What a Biographer of Joseph Ratzinger Is Expecting

Interview With Pablo Blanco

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ROME, JUNE 27, 2005 (Zenit.org).- The author of a book on the life and theology of Joseph Ratzinger says that the new Pope has only one program: «to do the will of God.»

Pablo Blanco, who has a doctorate in philosophy and who studied the life and writings of the present Holy Father for many years, told ZENIT in this interview that Benedict XVI is «perfectly capable of addressing the great challenges of the present.»

Blanco’s book is entitled «Joseph Ratzinger. Una biografía» (Joseph Ratzinger: A Biography), published by Eunsa.

Q: When you wrote the book, did you ever think that Cardinal Ratzinger might one day be Pope?

Blanco: Of course not. I was interested in Joseph Ratzinger as a theologian and man of the Church, not as Pope. Anyway, now, in time, I have realized that the cardinals — with the inestimable help of the Holy Spirit — know how to choose.

This Pope is most qualified on several fronts and, in my opinion, perfectly capable of addressing the great challenges of the present: of addressing secularization, of promoting ecumenism and of stimulating a resolute and sincere evangelization, to mention only three magic words.

Q: You wrote that Cardinal Ratzinger and Pope John Paul II collaborated very closely, not only on Friday afternoons and alone, but also on Tuesdays, the day before the general audiences. From here stemmed several Wednesday catecheses and documents. Now that Ratzinger is Pope, do you think there is someone who can help him with the catecheses?

Blanco: Frankly, I don’t know. Ratzinger was famous for writing everything [John Paul II] read. I imagine he will have valuable collaborators, but he will be responsible, in a very personal way, for everything he says or writes.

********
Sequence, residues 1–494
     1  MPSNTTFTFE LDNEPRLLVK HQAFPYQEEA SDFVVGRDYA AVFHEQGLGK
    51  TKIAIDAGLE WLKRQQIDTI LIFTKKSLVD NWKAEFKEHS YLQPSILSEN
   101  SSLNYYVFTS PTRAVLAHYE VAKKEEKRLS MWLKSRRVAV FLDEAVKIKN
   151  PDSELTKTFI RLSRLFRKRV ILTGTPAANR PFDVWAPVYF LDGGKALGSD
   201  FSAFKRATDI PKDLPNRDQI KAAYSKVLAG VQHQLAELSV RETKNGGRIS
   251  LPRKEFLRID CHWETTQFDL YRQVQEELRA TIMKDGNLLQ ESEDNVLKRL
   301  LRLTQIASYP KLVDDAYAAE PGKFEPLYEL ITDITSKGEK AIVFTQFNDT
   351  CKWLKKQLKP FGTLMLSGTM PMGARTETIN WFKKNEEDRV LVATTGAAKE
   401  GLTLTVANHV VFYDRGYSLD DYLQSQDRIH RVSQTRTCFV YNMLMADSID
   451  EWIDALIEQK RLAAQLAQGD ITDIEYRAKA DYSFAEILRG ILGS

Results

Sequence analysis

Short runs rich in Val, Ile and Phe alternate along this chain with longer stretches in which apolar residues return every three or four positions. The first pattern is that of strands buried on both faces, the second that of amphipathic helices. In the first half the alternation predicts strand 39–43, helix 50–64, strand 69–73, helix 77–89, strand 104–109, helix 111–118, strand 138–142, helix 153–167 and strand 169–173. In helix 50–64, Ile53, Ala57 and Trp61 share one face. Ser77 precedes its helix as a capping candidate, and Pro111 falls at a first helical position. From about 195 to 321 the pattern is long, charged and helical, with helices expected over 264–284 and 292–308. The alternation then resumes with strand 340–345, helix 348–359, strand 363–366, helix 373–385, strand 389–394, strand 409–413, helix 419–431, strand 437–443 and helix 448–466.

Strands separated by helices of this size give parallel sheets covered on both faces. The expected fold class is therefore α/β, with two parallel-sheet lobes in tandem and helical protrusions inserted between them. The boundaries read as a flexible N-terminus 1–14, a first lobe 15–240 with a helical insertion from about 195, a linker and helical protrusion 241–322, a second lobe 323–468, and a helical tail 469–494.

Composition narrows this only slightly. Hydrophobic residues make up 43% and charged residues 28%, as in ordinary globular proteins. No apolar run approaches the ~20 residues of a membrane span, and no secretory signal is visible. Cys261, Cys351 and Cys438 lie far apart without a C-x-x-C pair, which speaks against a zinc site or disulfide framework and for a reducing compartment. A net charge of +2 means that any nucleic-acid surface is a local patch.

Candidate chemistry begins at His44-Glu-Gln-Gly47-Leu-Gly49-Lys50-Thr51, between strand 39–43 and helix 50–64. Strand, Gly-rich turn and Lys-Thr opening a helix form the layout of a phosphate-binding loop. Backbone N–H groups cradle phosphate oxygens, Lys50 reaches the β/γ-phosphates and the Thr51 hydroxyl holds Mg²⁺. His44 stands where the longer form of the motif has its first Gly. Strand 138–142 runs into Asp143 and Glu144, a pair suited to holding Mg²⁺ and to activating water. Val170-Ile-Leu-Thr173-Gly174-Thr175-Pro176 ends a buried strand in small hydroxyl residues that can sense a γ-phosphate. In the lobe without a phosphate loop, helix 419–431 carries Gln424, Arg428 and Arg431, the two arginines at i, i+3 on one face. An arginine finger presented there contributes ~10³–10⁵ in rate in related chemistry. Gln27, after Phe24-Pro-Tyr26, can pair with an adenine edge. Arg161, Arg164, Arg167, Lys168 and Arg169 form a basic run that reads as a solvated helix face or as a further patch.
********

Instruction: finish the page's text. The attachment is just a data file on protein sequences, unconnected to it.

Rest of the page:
Q: Are there aspects of Benedict XVI which you think the media have not highlighted?

Blanco: I think that what is very important in his life is what he said in the homily at the start of his pontificate: that his only program is to do the will of God.

Throughout his life, one can see how he lets himself be led by that invisible hand of God, which takes him where he would rather not go: He ceased being a professor to become archbishop of Munich, he went to Rome to take up one of the hardest posts in the Church: that of prefect of the Congregation for the Doctrine of the Faith, and accepted his election as Pope, beginning to exercise his pontificate with great ease, under the name of Benedict XVI.

All this seems to me not only courageous but a great ability to let God act.

Q: You wrote that Cardinal Ratzinger was one of the main architects of the Second Vatican Council and post-conciliar period in the whole Church. In what areas has he most defended the Council?

Blanco: I think he has a privileged vision of the ensemble of all the present problems of the faith.

Among many other topics, one could single out the centrality of Jesus Christ and the importance of the liturgy, morality, of women in the Church, of the priesthood as service and of ecumenism as a priority task and, finally, the primacy of the logos over the ethos, that is, the decisiveness of the Creed in the life of Christians.

Proof of this, for example, is Vatican II’s Catechism, which he himself was responsible for stimulating and coordinating.

In any case, it is clear that — as the protagonist that he was of the Council — he knows where the Church must go; all that is needed is to continue to listen to the voice of God in this continuous Pentecost.

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